LIMA, Peru — Peruvian prosecutors have exhumed from in and around Lima the bodies of more than 100 accused Shining Path rebels slain in a famous 1986 prison uprising, a lawyer said Friday.
The men, all killed at Lurigancho prison, were exhumed beginning in mid-July from more than a dozen cemeteries as part of a probe into a massacre of inmates who had surrendered.
Relatives of the men have been seeking criminal charges against 30 former officials of the government of then-President Alan Garcia since 2001.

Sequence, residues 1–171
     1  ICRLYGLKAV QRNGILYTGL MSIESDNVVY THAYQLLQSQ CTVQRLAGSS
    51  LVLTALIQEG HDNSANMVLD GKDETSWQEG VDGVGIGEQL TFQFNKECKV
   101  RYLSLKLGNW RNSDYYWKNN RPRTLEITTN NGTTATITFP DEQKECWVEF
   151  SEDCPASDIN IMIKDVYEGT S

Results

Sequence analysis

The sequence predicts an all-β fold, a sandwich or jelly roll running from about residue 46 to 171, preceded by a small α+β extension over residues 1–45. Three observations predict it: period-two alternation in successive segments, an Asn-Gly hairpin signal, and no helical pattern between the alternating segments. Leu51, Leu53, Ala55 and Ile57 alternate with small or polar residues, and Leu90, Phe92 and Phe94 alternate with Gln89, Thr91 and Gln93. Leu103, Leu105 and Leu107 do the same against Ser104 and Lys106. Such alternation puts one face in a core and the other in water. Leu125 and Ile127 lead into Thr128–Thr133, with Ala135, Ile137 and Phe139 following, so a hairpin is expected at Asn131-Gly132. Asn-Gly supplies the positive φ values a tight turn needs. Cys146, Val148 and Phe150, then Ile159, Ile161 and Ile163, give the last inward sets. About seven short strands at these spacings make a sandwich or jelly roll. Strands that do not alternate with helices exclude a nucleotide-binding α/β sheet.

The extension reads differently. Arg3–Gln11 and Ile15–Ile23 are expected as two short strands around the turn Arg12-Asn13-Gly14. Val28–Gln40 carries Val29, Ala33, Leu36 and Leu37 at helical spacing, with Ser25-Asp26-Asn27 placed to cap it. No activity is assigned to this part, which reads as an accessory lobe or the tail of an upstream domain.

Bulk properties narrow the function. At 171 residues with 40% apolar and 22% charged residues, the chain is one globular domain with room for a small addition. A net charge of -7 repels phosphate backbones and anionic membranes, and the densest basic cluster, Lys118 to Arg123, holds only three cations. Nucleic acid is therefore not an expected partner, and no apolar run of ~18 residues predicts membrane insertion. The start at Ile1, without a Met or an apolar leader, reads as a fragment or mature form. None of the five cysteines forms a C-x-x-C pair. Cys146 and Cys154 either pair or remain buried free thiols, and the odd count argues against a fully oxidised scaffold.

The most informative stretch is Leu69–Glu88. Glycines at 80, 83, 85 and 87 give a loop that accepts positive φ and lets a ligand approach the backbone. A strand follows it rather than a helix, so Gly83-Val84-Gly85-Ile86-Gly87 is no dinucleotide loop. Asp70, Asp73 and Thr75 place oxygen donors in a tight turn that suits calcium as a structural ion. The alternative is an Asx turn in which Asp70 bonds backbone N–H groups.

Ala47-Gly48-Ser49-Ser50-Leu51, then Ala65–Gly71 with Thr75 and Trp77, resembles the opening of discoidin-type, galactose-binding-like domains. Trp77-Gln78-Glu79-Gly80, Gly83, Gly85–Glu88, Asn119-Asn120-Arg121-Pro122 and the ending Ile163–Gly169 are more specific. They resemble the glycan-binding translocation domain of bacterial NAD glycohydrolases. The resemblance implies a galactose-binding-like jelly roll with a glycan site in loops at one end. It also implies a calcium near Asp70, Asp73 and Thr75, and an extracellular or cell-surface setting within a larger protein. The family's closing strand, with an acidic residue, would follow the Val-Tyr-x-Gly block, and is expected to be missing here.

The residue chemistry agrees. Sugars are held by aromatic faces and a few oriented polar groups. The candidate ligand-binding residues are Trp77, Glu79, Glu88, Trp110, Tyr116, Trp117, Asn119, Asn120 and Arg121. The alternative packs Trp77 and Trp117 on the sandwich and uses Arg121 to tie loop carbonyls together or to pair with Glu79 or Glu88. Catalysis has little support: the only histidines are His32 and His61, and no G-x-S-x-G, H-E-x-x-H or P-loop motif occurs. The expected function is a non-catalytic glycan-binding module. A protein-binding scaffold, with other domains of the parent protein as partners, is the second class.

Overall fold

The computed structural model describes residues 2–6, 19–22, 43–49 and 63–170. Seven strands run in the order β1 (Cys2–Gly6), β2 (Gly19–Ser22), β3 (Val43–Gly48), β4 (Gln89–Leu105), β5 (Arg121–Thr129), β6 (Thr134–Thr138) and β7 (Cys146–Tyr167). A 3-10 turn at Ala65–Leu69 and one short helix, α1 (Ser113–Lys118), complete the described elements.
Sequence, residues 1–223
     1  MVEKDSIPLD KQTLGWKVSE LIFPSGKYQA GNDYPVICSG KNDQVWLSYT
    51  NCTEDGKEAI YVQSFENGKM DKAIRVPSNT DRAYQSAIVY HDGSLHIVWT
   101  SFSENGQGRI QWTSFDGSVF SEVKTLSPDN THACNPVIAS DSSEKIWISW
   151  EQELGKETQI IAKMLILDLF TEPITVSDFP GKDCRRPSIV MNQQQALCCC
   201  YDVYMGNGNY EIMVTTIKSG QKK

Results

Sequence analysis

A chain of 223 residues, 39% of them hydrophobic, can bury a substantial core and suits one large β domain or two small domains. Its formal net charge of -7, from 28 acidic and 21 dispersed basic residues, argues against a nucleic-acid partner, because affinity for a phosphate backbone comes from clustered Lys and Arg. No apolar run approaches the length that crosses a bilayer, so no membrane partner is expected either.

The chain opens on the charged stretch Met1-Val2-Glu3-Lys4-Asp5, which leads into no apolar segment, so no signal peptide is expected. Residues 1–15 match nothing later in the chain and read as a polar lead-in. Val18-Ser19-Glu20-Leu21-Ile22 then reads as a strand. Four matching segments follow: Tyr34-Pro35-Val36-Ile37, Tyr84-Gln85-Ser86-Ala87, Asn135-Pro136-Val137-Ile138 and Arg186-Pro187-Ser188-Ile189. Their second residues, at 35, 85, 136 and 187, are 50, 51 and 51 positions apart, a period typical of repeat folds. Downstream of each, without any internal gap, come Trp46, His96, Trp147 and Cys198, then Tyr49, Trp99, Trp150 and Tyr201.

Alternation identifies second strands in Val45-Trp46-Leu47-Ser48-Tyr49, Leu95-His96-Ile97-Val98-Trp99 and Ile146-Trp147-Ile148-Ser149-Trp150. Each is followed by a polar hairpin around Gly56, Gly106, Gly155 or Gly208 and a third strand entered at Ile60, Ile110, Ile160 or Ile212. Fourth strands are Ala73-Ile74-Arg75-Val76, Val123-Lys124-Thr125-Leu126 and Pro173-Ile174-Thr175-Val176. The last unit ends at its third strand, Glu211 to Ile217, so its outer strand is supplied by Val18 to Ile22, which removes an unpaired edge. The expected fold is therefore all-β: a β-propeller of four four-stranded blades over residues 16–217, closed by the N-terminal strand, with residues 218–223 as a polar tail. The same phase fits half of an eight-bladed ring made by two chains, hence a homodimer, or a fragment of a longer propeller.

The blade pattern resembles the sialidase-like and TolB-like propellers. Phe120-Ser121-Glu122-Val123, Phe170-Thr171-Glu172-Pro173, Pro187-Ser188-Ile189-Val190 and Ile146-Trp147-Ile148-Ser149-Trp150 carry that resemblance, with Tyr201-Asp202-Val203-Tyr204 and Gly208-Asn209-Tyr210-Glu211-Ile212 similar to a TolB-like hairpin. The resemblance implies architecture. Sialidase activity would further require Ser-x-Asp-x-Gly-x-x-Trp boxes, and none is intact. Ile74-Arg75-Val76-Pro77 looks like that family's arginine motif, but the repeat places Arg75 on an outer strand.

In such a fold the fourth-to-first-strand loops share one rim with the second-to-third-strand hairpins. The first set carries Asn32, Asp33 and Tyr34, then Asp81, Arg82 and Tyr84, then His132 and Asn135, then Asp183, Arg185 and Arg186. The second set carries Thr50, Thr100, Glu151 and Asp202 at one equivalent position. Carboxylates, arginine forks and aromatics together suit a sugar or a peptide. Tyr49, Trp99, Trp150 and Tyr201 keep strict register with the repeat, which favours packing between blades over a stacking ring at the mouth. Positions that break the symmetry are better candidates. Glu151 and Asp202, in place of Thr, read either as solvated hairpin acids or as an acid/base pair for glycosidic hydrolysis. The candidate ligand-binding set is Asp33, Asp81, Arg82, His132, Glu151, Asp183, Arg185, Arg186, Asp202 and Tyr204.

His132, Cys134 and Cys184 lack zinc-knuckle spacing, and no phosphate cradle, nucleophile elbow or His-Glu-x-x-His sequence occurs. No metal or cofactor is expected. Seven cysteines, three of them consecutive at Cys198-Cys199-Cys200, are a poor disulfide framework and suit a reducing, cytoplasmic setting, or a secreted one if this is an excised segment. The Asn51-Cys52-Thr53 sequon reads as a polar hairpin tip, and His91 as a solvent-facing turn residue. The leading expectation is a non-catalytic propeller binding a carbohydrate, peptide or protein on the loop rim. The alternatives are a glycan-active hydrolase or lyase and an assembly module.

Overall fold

Their lawyer, Pedro Coello, told The Associated Press the bodies were buried secretly by the military and that soldiers had led authorities to them.
Prosecutors who allowed journalists to photograph the bodies refused to comment or to even identify themselves.
Some of the skeletal remains exhumed had bullet holes in the cranium, said Tania Vilchez, sister of Alfonso Vilchez, one of the slain inmates. She said she had attended 17 exhumations.
A truth commission that studied Peru's 1980-2000 internal conflict found that more than 200 inmates were summarily executed in 1986 after surrendering at three prisons where rebels had rioted: Lurigancho, El Fronton and Santa Barbara.